Photo by Magda Ehlers from Pexels

Throughout history, we can find victims of terrible atrocities everywhere we look.  Even today, we see victims of injustice in so many circumstances.  Probably each of us can think of a time when we, ourselves, were the receivers of a wrong done to us. 

I was recently listening to Bishop Robert Barron speaking on the radio about the topic of forgiveness.  The conversation focused on how in today’s society, many people and groups are solely focused on retribution for wrongs or hurts done.  In so many instances, we have lost or forgotten the element of mercy and forgiveness.  Bishop Barron warned that this is very dangerous and dark place for our society to be in.  He discussed the idea that when we, as a culture, make the decision to eliminate God from the public sphere, as we have in the past few years and decades, then something more sinister moves in – something dark and foreboding. 

This desire for retribution, or the “cancel culture,” has begun to replace the Christian virtues of charity, mercy, and forgiveness, which Jesus taught through His life, death, and Resurrection. 

Forgiveness does not mean we ignore the hurt that has been done or pretend it didn’t happen.  Bishop Barron continued by asserting that we must, indeed, recognize victims of injustice and work toward a more fair and equal society.  He said that to forgive blindly without acknowledging the wrong that has been done is a form of sentimentality that does not concede the truth.  However, he said that if we are to build a more merciful and Christian society, we must rediscover the virtues of communal forgiveness and relearn the value of love over vengeance and retribution.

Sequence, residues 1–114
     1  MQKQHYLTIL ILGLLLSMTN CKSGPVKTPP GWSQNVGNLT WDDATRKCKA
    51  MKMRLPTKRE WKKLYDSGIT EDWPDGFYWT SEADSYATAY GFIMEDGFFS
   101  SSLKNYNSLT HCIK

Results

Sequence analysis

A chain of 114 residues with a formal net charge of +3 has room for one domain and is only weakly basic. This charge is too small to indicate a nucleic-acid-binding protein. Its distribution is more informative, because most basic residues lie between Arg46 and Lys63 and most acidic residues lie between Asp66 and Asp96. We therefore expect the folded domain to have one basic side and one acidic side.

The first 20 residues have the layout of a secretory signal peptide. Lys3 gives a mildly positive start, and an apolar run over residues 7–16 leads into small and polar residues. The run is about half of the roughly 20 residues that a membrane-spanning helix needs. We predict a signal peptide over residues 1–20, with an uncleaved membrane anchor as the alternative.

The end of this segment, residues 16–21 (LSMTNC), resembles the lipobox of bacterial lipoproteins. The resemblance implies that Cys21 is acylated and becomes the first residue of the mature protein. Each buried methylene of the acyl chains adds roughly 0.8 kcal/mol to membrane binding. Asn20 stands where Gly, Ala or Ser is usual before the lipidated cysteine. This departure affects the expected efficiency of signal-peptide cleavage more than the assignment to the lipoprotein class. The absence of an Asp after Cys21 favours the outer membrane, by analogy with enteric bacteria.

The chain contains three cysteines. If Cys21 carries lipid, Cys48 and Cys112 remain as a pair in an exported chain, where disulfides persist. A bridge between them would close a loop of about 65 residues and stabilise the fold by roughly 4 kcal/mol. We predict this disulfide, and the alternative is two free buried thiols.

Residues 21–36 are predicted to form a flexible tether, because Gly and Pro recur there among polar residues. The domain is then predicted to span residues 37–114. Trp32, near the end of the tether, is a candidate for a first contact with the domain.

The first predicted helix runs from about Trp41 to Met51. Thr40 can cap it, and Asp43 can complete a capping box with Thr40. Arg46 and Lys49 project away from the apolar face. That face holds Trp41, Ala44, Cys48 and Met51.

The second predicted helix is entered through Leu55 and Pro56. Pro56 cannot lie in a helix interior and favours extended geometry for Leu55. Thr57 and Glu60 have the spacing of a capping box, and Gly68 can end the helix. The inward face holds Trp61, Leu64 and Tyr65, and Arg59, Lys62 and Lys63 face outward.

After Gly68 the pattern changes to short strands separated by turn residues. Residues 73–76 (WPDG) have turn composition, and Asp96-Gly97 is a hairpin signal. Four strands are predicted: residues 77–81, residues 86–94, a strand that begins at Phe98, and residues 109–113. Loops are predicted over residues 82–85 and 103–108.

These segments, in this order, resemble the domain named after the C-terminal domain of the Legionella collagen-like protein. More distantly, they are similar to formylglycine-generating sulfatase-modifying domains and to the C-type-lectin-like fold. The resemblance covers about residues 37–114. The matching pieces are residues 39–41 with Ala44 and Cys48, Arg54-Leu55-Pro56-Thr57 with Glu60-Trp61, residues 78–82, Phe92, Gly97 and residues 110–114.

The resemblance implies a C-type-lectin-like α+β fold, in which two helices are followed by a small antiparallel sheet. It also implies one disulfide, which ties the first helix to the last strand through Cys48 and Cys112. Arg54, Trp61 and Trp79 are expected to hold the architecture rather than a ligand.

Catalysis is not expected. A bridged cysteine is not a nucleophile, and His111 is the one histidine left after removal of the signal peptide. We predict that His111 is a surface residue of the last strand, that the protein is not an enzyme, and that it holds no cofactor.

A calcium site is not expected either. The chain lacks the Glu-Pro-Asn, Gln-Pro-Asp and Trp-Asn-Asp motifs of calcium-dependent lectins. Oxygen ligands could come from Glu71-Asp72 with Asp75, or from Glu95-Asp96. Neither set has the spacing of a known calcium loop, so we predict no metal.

Examples of God’s love and mercy are found throughout the Old Testament, when He forgave His people as they wandered far from Him time and time again.  Jesus’ Divine Mercy toward His executioners, the Good Thief on the Cross, and His apostles, demonstrates His perfect and unending love for us.  Each day, as we lose our way, Our Lord is continually welcoming us back into His arms through the Sacrament of Reconciliation and giving Himself completely to us in the Holy Eucharist. 

Those who engage in today’s “cancel culture” are like the Unforgiving Servant in Matthew’s gospel, who forgot about the great mercy extended to him and exacted harsh justice upon his fellow servant who owed him a much smaller debt.  His master then chastised him by saying, “I forgave you your entire debt because you begged me to.  Should you not have had pity on your fellow servant, as I had pity on you?” (Matt 18: 32-33)  If we neglect to forgive others their faults and mistakes, we are in danger of meeting a similar fate of the Unforgiving Servant, who was handed over to the torturers until he paid the whole debt. 

Pope Francis, too, reminds us that if Our Lord has forgiven us for our sins, we should strive always to forgive others as well.  In a midday Angelus reflection in September 2020, he stated, “It is necessary to apply merciful love to all human relationships:  between spouses, between parents and children, within our communities, in the Church, and also in society and politics.”

The Holy Father also encourages us to entrust ourselves to Mary Our Mother to help us to embody this virtue of forgiveness and mercy.  He said that if we realize how much we are indebted to God, it will enable us to open our hearts and forgive others’ wrongs against us. 

Forgiveness is not easy, but it is necessary to live a truly Christian life.  It begins within the family and in our communities.  If we can forgive the minor, daily irritations and overlook the faults of those around us, we will learn to let go of the more deep and painful wounds that we have sustained on life’s battlefield.  We can ask Our Lady and the saints to help us in our struggle to exercise mercy and Christian charity when it is most difficult, trusting that they will help us on the way. 

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